Subject topics covered:

A strong interest in learning practically is a must. Learners may have a clear idea of the career they want to end up in, or may simply just love making.

Students will learn about the Construction industry, what it does, who uses it and how to stay safe within it. Students will pick up practical carpentry skills and learn about the practical considerations of those working with the built environment. Students will study:

Course assessment: 75% controlled assessment including photographic evidence of practical work. 25% exam on Practical Construction Techniques used in the building of low-rise structures.

Careers that you need this course to access: Crafts: • Plumbing • Electrical services • Carpentry and joinery • Mechanical services Technical: • Machine/CAD technician • Architectural technologist

• • • •

Technology Design Sustainability Scientific and mathematical applications for construction • Sustainability in Construction • Drawing Techniques • Carpentry and Joinery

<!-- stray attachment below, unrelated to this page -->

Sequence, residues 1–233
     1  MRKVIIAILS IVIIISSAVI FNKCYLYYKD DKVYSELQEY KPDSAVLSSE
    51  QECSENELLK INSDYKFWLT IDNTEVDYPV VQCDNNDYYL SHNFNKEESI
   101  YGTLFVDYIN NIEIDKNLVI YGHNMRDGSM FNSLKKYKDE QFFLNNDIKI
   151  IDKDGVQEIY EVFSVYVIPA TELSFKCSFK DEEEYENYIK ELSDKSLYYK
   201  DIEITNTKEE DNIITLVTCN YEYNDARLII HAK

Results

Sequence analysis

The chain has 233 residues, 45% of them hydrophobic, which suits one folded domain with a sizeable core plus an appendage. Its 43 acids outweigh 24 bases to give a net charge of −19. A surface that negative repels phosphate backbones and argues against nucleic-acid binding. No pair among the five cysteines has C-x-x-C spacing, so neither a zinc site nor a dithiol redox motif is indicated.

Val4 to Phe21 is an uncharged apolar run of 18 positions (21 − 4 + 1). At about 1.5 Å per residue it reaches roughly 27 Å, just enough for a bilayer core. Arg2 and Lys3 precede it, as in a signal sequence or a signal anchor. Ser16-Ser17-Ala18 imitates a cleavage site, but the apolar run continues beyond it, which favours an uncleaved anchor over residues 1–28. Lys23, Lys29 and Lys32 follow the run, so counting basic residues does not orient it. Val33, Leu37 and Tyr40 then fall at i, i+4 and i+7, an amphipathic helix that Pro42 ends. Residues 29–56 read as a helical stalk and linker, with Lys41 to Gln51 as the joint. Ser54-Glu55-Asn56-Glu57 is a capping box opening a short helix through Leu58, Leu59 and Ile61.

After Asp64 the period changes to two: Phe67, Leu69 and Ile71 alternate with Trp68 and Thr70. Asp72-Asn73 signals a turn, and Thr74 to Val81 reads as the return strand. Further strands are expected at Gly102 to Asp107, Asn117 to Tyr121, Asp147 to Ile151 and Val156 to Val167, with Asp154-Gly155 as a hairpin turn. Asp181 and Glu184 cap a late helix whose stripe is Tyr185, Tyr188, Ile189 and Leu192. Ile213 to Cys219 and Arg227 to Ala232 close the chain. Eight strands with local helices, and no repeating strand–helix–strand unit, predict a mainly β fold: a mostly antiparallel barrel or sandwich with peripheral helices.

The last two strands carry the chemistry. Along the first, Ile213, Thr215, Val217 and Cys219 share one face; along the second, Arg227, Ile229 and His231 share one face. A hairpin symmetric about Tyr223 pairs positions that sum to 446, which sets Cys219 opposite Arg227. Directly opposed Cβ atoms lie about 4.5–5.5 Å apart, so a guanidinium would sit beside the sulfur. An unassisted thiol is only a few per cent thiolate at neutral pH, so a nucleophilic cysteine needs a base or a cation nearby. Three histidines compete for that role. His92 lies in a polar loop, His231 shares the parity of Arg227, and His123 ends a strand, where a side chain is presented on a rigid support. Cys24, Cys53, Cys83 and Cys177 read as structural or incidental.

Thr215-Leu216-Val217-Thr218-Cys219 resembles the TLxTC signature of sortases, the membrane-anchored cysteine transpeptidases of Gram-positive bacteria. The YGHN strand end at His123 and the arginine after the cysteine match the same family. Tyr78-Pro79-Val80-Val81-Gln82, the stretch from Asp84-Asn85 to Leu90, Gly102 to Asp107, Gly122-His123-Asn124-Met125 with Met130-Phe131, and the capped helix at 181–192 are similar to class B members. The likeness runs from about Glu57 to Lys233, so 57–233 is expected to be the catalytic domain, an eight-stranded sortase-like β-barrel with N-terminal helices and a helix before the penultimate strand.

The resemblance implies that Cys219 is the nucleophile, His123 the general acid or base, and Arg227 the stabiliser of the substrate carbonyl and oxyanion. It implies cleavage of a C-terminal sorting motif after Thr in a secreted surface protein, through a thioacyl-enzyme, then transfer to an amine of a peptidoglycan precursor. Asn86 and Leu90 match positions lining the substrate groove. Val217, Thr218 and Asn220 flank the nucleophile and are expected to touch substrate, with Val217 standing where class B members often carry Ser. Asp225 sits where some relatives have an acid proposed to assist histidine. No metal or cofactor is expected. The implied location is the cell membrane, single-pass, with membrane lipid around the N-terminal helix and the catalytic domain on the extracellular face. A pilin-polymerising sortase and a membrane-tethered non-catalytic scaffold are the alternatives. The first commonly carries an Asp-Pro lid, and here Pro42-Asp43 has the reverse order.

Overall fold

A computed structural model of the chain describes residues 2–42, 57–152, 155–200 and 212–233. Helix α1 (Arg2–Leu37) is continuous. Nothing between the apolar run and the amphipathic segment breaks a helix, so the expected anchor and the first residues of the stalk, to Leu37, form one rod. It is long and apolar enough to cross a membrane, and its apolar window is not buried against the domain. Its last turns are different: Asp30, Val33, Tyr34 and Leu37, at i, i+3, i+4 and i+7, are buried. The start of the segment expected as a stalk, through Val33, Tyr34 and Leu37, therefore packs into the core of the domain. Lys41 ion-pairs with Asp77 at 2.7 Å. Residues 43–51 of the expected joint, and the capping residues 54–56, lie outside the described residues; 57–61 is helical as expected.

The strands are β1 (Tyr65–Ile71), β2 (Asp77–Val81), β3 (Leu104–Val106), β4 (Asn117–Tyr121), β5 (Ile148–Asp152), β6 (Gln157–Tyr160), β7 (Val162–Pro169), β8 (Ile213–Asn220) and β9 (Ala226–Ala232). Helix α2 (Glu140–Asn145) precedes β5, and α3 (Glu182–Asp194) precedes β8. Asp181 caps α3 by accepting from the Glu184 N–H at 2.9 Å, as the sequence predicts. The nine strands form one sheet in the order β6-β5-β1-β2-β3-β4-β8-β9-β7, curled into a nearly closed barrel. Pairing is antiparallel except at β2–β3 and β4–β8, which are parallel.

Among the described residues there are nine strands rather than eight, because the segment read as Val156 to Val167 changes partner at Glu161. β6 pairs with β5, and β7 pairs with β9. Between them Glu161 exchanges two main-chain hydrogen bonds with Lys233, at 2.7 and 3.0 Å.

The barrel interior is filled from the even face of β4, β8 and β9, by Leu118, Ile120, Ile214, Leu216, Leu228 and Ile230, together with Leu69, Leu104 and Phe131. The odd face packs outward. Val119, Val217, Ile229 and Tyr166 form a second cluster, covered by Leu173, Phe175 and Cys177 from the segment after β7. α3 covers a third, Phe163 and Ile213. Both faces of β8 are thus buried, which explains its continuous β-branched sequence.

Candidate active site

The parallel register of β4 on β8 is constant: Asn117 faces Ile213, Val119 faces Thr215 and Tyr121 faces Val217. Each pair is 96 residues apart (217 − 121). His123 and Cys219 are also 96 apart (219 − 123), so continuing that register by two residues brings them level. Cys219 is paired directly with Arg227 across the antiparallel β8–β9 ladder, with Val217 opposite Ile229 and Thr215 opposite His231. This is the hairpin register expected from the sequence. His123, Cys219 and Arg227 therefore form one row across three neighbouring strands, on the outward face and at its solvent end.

Further and Higher Education courses this subject leads to (A Levels/Degrees): Level 3 courses in Construction, Engineering or Business Apprenticeships in Craft roles e.g. Electrician University degrees in Surveying, Engineering, Project Management and Site Management

Professional: • Surveying • Engineering

The key contact for Construction is: Mr De Souza, Construction Teacher, Creative Technologies

Further reading: BTEC First in Construction and the Built Environment Student Book, Simon Topliss

“Construction allows me to make with my hands what I see with my mind” Year 10 student

23


Notes


Name:

Tutor Group: